In that case, MongoDB works in conjunction with back-end and front-end technologies (e.g. React, Node.js, CSS, HTML) and the successful candidate’s resume should reflect the experience of working in a diverse environment.
- Developed full-stack web applications using React, NodeJS, NoSQL in distributed Serverless and Cloud Environment
- Identified and recorded areas of the codebase that may require refactoring
- Performing that refactoring with minimal impact on existing functionality
- Modified existing NodeJS code and MongoDB cluster to move data from one system to another
You can’t possibly list all the skills that accompany a MongoDB experience section and, frankly, you shouldn’t.
Because if you do it, your resume starts to look like a Glossary for one of those O'Reilly books.
Use the skill section for that, and let us show exactly which skills will make your resume stand out.
Should you have a skill section on a MongoDB resume?"?
Although soft skills for developers are more or less the same, the technical skill sets will vary greatly for different positions that require MongoDB database knowledge. Here are the most important items for your resume skill section.
Listing your soft skills on your MongoDB resume
Developers rarely work in a bubble, so teamwork and communication are the key soft skills, especially when applying for an enterprise-level organization with many divisions and team projects.
By now, you should be aware that proper resumes exclude listing skills blindly without backing them up.
Same is the deal with your soft skills - and rightly so.
Ideally, you should list your soft skills by adding a few examples where you’ve used them.
You can do that either in a special achievements or talents section, or simply weave them in your work experience and summary.
How to include your technical skills
It’s important for certain technical skills to be present in your MongoDB resume. During the first stage of the evaluation process, ATS (Applicant Tracking Systems) will scan for keywords that match the job description.
As long as you don’t skew the truth and you list the skills you have that are present in the job description, you’ll be good to go to the next stage.
Here are the technical skills most often expected from Mongo Database Administrators.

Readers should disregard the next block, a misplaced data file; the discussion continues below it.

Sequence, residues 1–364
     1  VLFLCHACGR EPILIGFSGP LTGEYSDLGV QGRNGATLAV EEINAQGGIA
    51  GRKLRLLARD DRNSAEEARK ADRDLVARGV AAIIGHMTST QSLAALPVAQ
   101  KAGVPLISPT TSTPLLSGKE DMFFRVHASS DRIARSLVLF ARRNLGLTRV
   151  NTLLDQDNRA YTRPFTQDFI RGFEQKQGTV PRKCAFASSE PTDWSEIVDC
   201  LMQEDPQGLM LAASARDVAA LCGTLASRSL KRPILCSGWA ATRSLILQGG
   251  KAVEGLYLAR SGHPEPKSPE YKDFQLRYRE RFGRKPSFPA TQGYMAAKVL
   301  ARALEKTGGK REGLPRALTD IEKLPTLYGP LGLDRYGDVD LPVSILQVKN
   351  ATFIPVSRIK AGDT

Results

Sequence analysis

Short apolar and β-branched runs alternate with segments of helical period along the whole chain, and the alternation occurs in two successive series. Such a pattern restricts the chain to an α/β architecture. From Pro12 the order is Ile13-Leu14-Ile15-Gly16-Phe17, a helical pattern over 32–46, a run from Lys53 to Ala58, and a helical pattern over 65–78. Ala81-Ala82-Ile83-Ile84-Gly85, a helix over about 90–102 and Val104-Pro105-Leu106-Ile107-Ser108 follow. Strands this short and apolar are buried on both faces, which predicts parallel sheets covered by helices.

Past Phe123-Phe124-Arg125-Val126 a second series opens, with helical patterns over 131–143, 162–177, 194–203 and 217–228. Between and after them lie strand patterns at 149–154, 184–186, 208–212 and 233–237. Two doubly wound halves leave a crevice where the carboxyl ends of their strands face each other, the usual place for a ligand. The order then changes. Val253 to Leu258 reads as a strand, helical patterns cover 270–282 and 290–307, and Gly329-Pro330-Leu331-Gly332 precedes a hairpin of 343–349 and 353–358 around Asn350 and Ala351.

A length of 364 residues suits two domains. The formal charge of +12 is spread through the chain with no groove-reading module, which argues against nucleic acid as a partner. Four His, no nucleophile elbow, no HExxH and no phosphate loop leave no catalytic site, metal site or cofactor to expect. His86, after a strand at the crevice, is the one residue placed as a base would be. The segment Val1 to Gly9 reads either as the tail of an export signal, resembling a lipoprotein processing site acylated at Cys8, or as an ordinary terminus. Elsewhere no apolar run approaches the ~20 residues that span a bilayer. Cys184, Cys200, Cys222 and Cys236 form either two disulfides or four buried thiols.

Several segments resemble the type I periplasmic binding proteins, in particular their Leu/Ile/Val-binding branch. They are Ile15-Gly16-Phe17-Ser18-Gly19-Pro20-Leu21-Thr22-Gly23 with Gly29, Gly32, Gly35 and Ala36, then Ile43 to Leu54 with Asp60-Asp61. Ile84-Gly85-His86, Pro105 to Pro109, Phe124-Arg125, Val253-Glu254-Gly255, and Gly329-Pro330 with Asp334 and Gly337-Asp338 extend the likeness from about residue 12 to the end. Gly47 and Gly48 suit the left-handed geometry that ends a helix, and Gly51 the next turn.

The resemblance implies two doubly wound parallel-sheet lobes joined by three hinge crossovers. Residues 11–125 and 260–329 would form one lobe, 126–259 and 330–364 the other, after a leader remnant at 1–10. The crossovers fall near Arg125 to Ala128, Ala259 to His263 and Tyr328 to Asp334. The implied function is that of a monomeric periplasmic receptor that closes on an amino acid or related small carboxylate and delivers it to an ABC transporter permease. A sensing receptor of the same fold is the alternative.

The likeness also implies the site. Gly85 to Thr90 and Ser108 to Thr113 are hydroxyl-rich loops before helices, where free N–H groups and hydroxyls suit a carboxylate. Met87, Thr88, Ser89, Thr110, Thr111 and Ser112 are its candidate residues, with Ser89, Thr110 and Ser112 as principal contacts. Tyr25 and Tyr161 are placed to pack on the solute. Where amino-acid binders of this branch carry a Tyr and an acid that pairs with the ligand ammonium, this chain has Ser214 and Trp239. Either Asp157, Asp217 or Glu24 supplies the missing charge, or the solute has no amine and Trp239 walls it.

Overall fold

Do I need education or certification sections in my MongoDB resume?"?
There’s no way to talk about education on MongoDB resumes without mentioning MongoDB university.
The platform passed 1 mln registrations in July 2018, and provides a structured curriculum for developers around the world wanting to dive into NoSQL databases.
Formal education exposes you to different experiences, builds a connection network and teaches you other transferable skills. Sometimes during your education you might have taken on a relevant course work, so make sure you mention it.
But database development is a niche you can enter largely self-taught.
So, in case you do have formal education, you can simply mention it in a separate education section. Do include:
- The name of the institution;
- The study time period
- The degree;
- The GPA score (if you think it’s relevant);
Even if you didn't finish your education you might still benefit from the experience.
When it comes to certifications, if you have more than 2 and they are fully relevant for the job, you can spend some space for their separate section.
Make sure you’ve got:
- The name of the certificate
- The year you were certified
- The certifying institution
- Decide if MongoDB experience is crucial or additional for the position you’re applying for and frame your experience & summary accordingly
- Follow strict terminology when describing SQL and NoSQL working experience
- In the experience section, focus on the problems and workflows that solve them rather than just list your technical skills. Use the skills section for that.
- Prioritize MongoDB experience that is especially demanded for the position, e.g. scaling, optimizing, migrating.